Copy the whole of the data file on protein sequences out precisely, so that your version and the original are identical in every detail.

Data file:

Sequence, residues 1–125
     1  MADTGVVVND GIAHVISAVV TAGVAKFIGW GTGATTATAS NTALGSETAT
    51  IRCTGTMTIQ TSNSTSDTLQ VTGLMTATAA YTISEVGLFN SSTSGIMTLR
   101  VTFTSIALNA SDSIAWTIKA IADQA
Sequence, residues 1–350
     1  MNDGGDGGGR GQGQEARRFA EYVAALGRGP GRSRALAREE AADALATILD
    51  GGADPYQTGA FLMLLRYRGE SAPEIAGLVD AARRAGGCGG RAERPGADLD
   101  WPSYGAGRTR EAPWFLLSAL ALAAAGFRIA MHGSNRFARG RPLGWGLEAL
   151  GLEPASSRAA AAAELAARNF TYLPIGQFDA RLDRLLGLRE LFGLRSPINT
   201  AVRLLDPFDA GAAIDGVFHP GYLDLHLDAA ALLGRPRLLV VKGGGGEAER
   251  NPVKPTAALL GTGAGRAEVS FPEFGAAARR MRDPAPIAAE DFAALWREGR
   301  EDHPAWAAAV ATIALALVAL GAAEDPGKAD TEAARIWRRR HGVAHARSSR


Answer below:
Sequence, residues 1–125
     1  MADTGVVVND GIAHVISAVV TAGVAKFIGW GTGATTATAS NTALGSETAT
    51  IRCTGTMTIQ TSNSTSDTLQ VTGLMTATAA YTISEVGLFN SSTSGIMTLR
   101  VTFTSIALNA SDSIAWTIKA IADQA
Sequence, residues 1–350
     1  MNDGGDGGGR GQGQEARRFA EYVAALGRGP GRSRALAREE AADALATILD
    51  GGADPYQTGA FLMLLRYRGE SAPEIAGLVD AARRAGGCGG RAERPGADLD
   101  WPSYGAGRTR EAPWFLLSAL ALAAAGFRIA MHGSNRFARG RPLGWGLEAL
   151  GLEPASSRAA AAAELAARNF TYLPIGQFDA RLDRLLGLRE LFGLRSPINT
   201  AVRLLDPFDA GAAIDGVFHP GYLDLHLDAA ALLGRPRLLV VKGGGGEAER
   251  NPVKPTAALL GTGAGRAEVS FPEFGAAARR MRDPAPIAAE DFAALWREGR
   301  EDHPAWAAAV ATIALALVAL GAAEDPGKAD TEAARIWRRR HGVAHARSSR